Writer Jack London.
Credit: Image courtesy of American Memory at the Library of Congress.
In a letter dated December 5, 1904, to his publisher George Brett, Jack London explains that he wrote White Fang as a companion piece to The Call of the Wild, his famous story about the transformation of a domestic dog into an animal who answers the natural “call” of the wild. He writes, “I’m going to reverse the process. Instead of the devolution or de-civilization of a dog, I’m going to give the evolution, the civilization of a dog—development of domesticity, faithfulness, love, morality, and all the amenities and virtues.” London’s portrayal, however, results in a complication of the fundamental terms “nature” and “culture” in White Fang. Middle school readers of this famous novel, therefore, have the perfect opportunity to become nature and culture detectives. In this lesson, students will explore images from the Klondike and read White Fang closely to learn how to define and differentiate these terms, ultimately presenting their findings as “nature and culture detectives.”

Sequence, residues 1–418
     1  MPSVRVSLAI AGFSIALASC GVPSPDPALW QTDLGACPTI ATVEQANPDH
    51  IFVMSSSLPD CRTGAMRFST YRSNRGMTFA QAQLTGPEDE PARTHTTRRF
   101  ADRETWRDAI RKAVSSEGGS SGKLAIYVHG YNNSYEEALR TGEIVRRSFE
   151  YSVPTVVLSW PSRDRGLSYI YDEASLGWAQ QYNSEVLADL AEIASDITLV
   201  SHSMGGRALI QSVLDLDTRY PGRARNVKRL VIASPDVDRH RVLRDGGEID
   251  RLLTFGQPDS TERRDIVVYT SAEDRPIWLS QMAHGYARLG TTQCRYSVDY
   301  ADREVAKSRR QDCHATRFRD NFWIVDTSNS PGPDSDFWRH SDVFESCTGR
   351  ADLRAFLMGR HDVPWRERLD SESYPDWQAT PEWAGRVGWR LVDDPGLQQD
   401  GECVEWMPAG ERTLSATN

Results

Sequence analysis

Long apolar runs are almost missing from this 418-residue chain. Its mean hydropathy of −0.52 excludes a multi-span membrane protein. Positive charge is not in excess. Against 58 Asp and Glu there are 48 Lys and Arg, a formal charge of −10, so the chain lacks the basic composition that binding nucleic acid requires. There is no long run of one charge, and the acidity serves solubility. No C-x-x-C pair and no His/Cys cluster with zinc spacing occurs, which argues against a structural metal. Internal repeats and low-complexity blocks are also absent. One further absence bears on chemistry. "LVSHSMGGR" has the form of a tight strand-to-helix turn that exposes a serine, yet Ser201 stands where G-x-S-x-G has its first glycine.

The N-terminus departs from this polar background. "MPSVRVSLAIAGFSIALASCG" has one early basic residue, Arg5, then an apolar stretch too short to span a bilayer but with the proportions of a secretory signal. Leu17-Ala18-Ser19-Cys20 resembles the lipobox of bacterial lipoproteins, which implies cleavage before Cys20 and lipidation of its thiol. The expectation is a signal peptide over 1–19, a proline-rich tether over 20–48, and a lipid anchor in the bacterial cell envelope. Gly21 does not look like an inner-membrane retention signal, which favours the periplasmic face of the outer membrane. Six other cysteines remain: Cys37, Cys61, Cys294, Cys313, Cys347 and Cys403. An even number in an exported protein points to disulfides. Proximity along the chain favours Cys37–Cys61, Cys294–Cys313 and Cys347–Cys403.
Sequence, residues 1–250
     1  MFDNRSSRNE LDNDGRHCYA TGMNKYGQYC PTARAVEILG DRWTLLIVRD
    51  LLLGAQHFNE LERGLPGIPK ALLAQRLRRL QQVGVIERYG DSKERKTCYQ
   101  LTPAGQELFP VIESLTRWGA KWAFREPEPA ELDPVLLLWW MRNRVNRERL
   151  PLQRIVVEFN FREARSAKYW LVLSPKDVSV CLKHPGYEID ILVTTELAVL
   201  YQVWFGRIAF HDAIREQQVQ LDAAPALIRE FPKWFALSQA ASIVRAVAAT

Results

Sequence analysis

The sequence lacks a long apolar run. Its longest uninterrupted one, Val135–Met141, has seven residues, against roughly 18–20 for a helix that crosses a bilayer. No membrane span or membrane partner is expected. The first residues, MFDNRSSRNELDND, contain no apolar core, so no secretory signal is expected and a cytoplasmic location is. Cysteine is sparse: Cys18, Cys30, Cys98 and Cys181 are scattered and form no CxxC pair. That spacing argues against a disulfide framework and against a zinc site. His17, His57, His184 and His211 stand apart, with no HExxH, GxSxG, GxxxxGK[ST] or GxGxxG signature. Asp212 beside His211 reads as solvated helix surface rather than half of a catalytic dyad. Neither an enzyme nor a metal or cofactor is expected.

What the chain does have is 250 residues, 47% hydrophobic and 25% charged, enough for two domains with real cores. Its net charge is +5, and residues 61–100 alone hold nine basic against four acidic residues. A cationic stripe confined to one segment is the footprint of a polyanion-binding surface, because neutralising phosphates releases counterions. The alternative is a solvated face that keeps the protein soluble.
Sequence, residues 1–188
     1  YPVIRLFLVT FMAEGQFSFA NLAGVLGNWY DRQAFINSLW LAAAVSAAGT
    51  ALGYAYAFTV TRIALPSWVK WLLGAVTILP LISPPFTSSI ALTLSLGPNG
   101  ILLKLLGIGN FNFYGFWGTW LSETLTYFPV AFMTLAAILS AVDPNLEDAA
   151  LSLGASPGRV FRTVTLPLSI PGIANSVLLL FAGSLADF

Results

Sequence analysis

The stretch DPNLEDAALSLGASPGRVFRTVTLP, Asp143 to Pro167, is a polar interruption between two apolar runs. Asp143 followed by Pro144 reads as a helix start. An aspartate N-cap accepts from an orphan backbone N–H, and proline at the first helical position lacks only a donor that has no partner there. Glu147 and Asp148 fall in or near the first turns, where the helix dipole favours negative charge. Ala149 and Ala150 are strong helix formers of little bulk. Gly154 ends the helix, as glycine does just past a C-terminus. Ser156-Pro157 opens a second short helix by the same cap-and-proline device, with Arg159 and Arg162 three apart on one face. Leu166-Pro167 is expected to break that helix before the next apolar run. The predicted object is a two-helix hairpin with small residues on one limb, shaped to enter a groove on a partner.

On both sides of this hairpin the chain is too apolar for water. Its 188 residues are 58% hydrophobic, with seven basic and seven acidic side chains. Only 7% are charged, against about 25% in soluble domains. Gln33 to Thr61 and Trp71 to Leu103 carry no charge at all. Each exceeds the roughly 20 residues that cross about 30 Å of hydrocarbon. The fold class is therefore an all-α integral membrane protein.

The Letters of Jack London, Vol. 1: 1896-1905. Edited by Earle Labor, Robert C. Leitz, III, and I. Milo Shepard. Stanford, Calif.: Stanford University Press, 1988
How are the concepts of nature and culture defined—and differentiated—in Jack London's White Fang?
Upon completing this lesson, students will be able to
London's intentions to showcase the "development of domesticity, faithfulness, love, morality …" are based on the basic duality of "nature" (the uncivilized wild) vs. "culture" (a domesticated, nurturing environment). After reading White Fang and navigating the book's portrayal of "nature" and "culture," however, one cannot help but to ask: What actually is nature? And what is culture? In fact, one could argue that White Fang is not a reversal of The Call of the Wild—that is, the story of a wolf's civilization—because White Fang never really is transformed from a "natural" state to a domestic, "cultured" state. Instead, as London portrays him, White Fang is born into a state in which even instincts are learned or constructed as opposed to natural or innate.